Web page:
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Brick wall project -- Getting Over the wall?

Everybody hits a brick wall at some point in their research. No matter what you do, you just can’t seem to get around it. Let’s start a web site feature where we try to help each other around those brick walls. Think about how we can help each other with our genealogy brick walls. One suggested approach is to assume that you are a mentor assigned to help you over this wall. Step back and look at the problem logically. What questions would you ask about where you looked, what results you found and where you should look next? Type up everything you know about each of your earliest lines in one file. Rough out a group sheet on each one and include every source for data. Be sure to separate speculation from verifiable data sources. Once you do one, use it as a template for another. More data is always being transcribed and put on the Internet, so “never say never”.

Getting another set of eyes to look at each “wall” may accomplish wonders.

Getting organized:

Step 1. List of surnames - A good way to get started is to use an ahnentafel list or pedigree chart and make a list of your surnames.
2. Prioritize your list. Every odd number on your ahnentafel list may be a new surname. Using that odd number is a good way to prioritize your list and rank each surname by which name to work first. Another way is to look at the blanks in your pedigree chart or ahnentafel list and concentrate on filling in those blanks.
3. Collect and organize what you know. Filling out a group sheet is a good way to organize what you have.
4. Submit a query on each surname. Compile a general query: your name and contact information, surname, full name, event, date and place. Anything specific that you are looking for: e.g. parents names? Arrange your generic query so that you can substitute a name, place, date, line or paragraph and reuse it for another place or surname.
5. Where to submit queries? Make a list of where to submit. Note on the list the date you submit the query and follow up date. (Typical locations are County GENWEB sites, Surname-L sites on Rootsweb, Cousinconnect and genealogy society newsletters.)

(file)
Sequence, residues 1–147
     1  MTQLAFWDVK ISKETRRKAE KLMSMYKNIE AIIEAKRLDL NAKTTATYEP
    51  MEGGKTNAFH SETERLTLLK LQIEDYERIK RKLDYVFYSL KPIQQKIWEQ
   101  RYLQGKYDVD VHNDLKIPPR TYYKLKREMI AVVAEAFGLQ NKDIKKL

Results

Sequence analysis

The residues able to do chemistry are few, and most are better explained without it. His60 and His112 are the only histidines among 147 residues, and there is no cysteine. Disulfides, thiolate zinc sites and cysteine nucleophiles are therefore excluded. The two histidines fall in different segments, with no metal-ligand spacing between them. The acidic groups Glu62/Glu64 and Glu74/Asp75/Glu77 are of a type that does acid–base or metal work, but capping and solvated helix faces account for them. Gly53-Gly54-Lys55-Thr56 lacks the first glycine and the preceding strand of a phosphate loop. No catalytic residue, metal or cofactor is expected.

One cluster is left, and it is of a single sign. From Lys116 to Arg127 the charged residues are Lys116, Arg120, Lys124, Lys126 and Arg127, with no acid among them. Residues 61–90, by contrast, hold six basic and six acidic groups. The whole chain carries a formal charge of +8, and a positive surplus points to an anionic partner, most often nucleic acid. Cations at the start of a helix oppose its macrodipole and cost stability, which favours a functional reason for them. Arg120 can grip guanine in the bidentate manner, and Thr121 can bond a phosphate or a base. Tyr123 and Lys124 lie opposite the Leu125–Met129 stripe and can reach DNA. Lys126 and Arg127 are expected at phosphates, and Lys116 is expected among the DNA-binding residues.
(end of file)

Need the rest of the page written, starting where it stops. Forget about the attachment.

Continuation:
6. Follow up query submission: Check later to see if your query has been posted. Resubmit or contact the webmaster if your query does not appear within a few days. Some are automated. Some are not.
7. Round up all the usual suspects (sources). Again, make a list to check off such as: Census, cemetery listings, birth listings and SSDI. What to check and when depends so much on the time period. SSDI will only show people who died in modern times. Federal censuses only show names of children for 1850 and later. Don’t forget that later census list the place of birth of parents.
8. Visits to GENWEB, etc. sites should be documented as well. Note the date and what you look up. Some sites are updated frequently. Some are not. It may be a waste of your research time to keep going back to the same sites.
9. List the books, etc. which you use for sources. You should be doing this as a regular routine. Be sure to include revisions and reprint information and also where you found the source. The location can be vitally important when you try to verify something which you may have copied incorrectly.
10. Collect a focus list of surnames for thorough research in a particular geographic area. There is a good chance that families whose children married also had previous contact in their church, where they migrated from or in other ways. In-laws and future in-laws were likely fellow passengers on ships or followed the same migration trails.
11. Suggestions for future research: Compile a list for later efforts as you complete the other steps but stay focused to complete each step, keep records and stay organized. Continue to expand your check lists and share your results with others.
12. Before you give up, organize everything to where you can pick up where you left off whether it is the next day or ten years later. Sleep on it and look at it again with fresh eyes.

As you assemble your tools and checklists for getting “over the wall”, share them with others through our web site and don’t forget to save your computer files and back them up.

Google through that brick wall